The ‘Pontevedra Paradox’
April 1st, 2009 | Uncategorized
Barely a week passes these days without some expert or other telling us that we should eat this, or not eat that, as is may or may not be bad for our health. Indeed, sometimes the apparent contradictions can be quite stark, and often very confusing for the consumer.
Of course doctors and scientists often work around the clock to help develop new drugs or discover the ‘miracle cure’, when sometimes natural health enhancers can actually be something that we already include in our regular diet.
From around the world we see apparent examples of how eating habits can affect our longevity – the Japanese for instance, who eat a low fat diet that includes fish and rice etc, often living to a ripe old age as a result. A littler nearer to home there are cases such as Scotland, which has one of the highest rates of coronary heart disease on the planet – is this be down to the amount of fried food they consume, or could it just be genetic?
Anyway, now for some much more significant news about health and diet……
Back in 1992 a French scientist coined the expression the ‘French Paradox’, which indicated that drinking red wine in moderation was actually good for you (although the boom in consumption was not actually seen until a little later). The ‘paradox’ was that the French seemingly enjoyed a very low rate of coronary heart disease, despite including high levels of saturated fats in their diet. This was eventually attributed to their custom of consuming a glass of red wine with nearly every meal, and was therefore assumed to be beneficial.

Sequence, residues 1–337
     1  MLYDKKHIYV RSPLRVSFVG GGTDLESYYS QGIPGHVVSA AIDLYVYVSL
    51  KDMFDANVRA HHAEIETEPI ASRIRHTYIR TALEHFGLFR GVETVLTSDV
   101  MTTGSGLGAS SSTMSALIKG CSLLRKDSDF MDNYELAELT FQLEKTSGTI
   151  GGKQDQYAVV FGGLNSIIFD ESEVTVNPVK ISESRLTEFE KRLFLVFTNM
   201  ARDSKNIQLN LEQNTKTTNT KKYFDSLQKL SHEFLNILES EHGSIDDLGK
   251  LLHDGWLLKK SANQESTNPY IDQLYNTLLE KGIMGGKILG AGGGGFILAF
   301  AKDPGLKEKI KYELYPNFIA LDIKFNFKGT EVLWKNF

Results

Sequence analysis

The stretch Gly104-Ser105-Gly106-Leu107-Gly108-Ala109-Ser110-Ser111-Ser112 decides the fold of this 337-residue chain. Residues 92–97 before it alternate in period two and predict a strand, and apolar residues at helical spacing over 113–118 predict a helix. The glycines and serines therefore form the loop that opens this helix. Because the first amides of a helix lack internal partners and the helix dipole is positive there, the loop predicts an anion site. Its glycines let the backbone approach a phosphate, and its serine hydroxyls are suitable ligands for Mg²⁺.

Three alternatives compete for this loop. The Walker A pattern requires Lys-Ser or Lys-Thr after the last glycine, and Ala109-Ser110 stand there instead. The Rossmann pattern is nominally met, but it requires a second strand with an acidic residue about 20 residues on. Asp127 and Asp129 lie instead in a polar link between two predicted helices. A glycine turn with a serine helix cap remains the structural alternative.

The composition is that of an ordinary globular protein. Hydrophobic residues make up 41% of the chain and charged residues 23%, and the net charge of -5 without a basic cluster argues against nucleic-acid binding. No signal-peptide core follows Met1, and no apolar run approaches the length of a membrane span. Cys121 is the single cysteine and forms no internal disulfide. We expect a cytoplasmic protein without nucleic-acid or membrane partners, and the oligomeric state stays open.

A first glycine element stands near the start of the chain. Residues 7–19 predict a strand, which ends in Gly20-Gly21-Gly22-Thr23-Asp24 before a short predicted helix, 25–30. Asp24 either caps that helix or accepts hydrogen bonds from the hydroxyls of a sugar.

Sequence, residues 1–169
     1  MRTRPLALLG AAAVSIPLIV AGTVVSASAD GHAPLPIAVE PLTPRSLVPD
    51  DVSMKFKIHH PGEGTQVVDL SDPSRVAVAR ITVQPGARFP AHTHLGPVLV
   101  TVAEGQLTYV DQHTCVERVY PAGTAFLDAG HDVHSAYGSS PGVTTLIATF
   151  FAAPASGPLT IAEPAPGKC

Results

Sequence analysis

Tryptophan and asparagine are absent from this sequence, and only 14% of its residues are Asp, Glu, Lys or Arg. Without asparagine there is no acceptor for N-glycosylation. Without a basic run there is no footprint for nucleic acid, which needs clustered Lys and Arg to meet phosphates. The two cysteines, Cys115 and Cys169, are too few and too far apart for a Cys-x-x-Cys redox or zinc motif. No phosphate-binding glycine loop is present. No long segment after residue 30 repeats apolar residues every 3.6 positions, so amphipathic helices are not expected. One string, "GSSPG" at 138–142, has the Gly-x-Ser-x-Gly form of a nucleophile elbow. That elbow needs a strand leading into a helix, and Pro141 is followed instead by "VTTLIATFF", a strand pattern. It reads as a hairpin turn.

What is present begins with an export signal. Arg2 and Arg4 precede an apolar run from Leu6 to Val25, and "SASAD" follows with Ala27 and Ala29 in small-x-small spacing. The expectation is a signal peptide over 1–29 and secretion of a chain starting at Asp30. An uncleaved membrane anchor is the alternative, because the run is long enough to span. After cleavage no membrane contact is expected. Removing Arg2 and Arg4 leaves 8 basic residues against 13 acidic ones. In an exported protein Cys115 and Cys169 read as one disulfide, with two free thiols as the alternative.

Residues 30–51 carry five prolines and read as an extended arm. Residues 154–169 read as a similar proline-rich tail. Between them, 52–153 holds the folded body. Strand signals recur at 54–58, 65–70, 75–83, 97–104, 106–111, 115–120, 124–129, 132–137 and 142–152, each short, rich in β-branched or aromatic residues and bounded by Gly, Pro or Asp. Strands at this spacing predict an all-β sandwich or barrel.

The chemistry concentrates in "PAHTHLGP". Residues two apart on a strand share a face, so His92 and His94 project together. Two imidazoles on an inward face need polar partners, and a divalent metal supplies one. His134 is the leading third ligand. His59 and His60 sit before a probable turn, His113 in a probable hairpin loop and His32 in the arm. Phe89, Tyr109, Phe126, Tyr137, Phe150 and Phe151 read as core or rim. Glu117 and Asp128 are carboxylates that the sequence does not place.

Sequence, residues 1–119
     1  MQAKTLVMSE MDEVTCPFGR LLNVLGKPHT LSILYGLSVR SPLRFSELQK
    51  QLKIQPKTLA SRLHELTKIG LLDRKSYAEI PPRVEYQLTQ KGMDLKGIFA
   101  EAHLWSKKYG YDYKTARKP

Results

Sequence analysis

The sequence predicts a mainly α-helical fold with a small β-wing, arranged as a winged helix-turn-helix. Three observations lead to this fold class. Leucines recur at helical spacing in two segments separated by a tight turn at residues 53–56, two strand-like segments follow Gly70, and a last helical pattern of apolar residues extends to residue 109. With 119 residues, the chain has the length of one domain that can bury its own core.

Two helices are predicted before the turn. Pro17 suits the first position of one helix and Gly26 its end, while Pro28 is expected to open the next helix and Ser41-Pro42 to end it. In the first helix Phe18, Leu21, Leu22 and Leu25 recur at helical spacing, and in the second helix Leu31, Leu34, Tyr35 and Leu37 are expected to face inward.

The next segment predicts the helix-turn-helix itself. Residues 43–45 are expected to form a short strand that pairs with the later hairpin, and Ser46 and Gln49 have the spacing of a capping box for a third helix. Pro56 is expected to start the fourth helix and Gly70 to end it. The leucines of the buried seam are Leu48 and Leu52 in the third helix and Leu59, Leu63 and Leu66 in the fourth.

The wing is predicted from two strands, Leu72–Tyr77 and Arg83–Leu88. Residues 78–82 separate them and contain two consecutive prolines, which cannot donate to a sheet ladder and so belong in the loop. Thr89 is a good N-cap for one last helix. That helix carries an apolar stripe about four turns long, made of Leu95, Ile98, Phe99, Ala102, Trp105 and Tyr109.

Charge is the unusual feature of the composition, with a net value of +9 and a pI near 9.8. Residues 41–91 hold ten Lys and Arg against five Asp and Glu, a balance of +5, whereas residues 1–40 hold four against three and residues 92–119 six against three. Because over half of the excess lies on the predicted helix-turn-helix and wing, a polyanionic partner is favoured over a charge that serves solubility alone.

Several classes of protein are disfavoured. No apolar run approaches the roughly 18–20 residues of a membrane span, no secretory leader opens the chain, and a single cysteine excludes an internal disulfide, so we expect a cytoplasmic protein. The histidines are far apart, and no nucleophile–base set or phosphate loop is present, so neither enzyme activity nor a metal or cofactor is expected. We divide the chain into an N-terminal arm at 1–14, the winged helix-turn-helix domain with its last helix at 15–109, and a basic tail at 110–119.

In recent weeks Italian research also claims that red wine increases the female libido. See this Decanter article for the juicy details (and then nip down to your local supermarket to buy a bottle for the wife!)
And so to white wine – From new research in Massachusetts we now hear that some white wines (again taken in moderation) can actually stimulate sensory receptors in the brain, thereby increasing our capacity to process information.
Don’t ask me how or why lesser known varietals were included in the study, but apparently there is a specific enzyme in the Albariño grape variety that singles it out as being particularly effective! This is down to a chemical reaction that apparently takes place between the deoxyribose sugars that exist in human DNA and an enzyme in the wine, which results in heightened activity. Hands up everyone who even begins to understands that!……. Perhaps this could explain why we can sometimes feel a little euphoric when we have had one glass too many? (But this is just my own idea and not a part of the official research).
So now we sit back and wait for the world to react (and the orders to come flooding in), assuming that this new theory is not eventually contradicted by yet another expert.